Photo taken from Mud Islands with Pelican1 and Authur's Seat in the background. This Port Phillip Bay landmark was the first site that Mathew Flinders climbed to orient himself, after sailing into the bay in 1802.

Mud Islands has become one of my favourite stops of the Two Bays project. You become aware of the islands before you see them by the many birds overhead winging their way there. They are an important home and breeding ground for Pelicans, Ibis, Terns, Cormorants, Royal Spoonbills, Storm-Petrels and Silver Gulls.


They are made up of three shrubby islands that rise up out of and are part of the Great Sands in Port Phillip Bay. The islands enclose a shallow tidal lagoon that is fringed with salt marsh. Despite their name the islands are in fact made up of shelly sand and resemble an atoll. The islands are situated closely to the Heads.

The islands were formed by wind and wave action and kept firmly in place by outcrops of phosphate rock. The phosphate rock formed beneath the guano deposits (bird droppings) as guano leached below and combined with shelly sand below to form hard calcium phosphate. This rare rock type is able to withstand marine erosion. The islands are reknown for their bird life and it is interesting to note how strongly birds feature in the creation of the islands themselves. When visiting you can almost imagine a conference of the birds type scenario where they all decided to contribute to building a site for themselves.

The islands are protected under various conventions including the Ramsar and the Register of the National Estate. They are managed as part of the Port Phillip Heads Marine Park by Parks Victoria.


Pelican1 headed out from Queenscliff with a new young Skipper learning the ropes. The boat was almost as full as the belly of Pelican is surveyed to hold (in enclosed waters). Including crew we were 44 people. I have observed since the end of this year's Two Bays project that the period of the program contained some of the best possible weather. If we had held it any earlier or later we would have lost days to bad weather. The winds were perfect to visit the islands as they cannot be too strong to be able to do the observing work and to land people safely in the dinghies. It was in fact, one of our loveliest days on the water.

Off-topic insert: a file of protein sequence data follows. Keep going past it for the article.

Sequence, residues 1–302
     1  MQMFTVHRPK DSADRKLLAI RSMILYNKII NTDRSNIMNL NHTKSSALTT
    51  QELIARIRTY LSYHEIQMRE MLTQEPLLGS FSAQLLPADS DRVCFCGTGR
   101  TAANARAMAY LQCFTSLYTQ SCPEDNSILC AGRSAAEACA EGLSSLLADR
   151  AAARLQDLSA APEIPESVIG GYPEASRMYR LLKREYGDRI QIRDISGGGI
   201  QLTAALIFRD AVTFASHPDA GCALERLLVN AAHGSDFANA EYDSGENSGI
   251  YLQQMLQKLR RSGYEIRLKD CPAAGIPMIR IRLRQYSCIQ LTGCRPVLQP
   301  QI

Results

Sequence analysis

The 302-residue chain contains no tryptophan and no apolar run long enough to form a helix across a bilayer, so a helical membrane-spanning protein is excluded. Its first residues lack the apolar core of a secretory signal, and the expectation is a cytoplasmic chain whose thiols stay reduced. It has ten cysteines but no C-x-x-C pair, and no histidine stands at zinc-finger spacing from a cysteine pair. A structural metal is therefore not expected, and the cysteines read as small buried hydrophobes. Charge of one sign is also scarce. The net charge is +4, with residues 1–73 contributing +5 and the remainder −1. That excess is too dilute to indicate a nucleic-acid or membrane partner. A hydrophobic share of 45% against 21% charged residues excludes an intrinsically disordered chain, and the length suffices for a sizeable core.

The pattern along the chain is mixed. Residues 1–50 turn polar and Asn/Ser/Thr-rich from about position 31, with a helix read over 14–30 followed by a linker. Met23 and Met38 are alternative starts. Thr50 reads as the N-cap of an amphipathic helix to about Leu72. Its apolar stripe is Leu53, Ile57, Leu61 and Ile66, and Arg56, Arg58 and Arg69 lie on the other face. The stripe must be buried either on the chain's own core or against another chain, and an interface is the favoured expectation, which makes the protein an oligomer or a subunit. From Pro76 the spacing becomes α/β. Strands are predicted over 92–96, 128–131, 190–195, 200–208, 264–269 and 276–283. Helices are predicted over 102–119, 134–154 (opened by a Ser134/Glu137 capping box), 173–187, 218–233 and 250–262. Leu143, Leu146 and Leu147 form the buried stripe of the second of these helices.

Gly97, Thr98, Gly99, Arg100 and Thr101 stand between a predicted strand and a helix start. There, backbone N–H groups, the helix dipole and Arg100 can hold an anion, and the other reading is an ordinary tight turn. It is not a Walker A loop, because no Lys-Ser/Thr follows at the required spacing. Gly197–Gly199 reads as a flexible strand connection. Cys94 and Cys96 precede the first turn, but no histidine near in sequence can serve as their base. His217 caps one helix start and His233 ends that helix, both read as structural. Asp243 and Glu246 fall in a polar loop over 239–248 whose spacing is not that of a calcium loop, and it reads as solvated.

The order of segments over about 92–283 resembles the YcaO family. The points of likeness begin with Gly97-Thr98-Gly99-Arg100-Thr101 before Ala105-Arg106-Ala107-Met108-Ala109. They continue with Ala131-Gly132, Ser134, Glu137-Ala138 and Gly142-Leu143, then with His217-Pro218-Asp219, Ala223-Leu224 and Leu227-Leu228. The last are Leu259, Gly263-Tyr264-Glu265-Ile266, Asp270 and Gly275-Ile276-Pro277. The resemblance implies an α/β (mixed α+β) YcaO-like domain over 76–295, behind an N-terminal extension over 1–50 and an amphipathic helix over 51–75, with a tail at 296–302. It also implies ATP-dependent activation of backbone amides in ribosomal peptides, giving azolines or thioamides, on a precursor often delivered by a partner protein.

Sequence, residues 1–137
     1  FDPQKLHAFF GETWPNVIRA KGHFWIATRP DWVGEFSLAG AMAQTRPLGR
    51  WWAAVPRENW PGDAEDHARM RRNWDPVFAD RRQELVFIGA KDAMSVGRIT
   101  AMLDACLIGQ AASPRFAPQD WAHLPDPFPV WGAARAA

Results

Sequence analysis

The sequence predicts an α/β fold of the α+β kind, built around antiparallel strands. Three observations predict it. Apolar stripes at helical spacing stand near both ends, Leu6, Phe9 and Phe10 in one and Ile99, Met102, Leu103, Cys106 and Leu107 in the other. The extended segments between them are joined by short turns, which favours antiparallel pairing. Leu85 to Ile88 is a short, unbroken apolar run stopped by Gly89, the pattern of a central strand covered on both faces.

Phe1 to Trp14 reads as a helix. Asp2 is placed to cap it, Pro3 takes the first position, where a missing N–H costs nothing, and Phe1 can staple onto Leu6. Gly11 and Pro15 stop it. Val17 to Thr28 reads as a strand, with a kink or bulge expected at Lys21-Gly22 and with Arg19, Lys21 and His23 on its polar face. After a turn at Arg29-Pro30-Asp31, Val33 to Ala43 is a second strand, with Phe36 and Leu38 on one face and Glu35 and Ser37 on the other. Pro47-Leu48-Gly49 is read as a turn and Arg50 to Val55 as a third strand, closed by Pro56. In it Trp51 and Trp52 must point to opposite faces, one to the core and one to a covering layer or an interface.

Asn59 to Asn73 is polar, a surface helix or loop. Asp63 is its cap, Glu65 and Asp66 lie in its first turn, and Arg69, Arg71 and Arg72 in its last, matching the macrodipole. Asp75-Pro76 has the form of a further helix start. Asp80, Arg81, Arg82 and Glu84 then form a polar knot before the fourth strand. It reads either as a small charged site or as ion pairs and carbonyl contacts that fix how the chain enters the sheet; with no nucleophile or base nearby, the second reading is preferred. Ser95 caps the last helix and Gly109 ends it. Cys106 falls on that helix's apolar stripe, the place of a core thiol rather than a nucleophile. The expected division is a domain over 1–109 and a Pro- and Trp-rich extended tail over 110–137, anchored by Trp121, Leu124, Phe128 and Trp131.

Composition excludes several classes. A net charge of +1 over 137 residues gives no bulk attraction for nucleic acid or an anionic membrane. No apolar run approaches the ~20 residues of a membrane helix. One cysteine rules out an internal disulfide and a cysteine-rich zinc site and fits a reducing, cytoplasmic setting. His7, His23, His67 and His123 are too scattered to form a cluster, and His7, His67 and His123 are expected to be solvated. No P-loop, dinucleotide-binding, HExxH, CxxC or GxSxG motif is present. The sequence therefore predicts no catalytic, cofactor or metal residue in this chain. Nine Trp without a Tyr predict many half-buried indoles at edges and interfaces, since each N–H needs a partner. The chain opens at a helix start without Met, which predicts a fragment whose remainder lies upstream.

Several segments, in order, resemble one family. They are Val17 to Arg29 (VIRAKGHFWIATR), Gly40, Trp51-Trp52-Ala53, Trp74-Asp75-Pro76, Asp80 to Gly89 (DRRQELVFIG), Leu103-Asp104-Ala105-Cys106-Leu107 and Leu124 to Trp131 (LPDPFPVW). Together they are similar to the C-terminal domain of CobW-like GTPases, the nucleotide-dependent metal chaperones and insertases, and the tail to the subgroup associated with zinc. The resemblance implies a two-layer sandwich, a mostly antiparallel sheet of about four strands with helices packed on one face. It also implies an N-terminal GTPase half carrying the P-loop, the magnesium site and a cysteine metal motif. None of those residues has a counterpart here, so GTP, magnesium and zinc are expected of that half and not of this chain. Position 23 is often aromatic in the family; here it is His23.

Morning scene on the way over to the islands. Dr Jan Carey creating a slide plate to check the cell structure of the Codium species (also known as Broccoli weed or even more endearingly, Dead Man's fingers) on the table, as it is only through seeing the cellular structure that you can tell whether it is the introduced species or not.

The image below was taken by Chris Hayward from Parks (standing 2nd left in pic above) which shows the waisted cellular structure of the invasive Codium fragile. The pest species originated in Japan and probably travelled here in ballast water. It presents a danger to native species by taking over their habitat. I have also read that overgrazing by sea urchins may provide sufficient disturbance to native seaweeds to enable their getting a toehold.


And the real thing below (Dead Man's Fingers) on the shores of Mud Islands. 


Jan Carey is currently working on an ARC linkage grant to develop optimal monitoring methods for citizen scientists to detect non-indigenous marine species. She has been coming on board Pelican for the last few years with her PhD student Kim Millers. Kim is writing her thesis on developing methodologies for working with community to detect pest species. On this trip to Mud Island they were both on board to gather more data with members from Sea Search and the Friends of Mud Island group. Below, Jan shares her knowledge with the group of volunteers.


Below Jan is setting up the Marine Pest survey site.


A picture of a star of pest stars. The Northern Pacific Sea Star has invaded Port Phillip and their numbers apparently have more combined weight than all of the rest of Port Phillip's biomass put together! Anecdotally the volunteers reported more numbers from our counts from last year.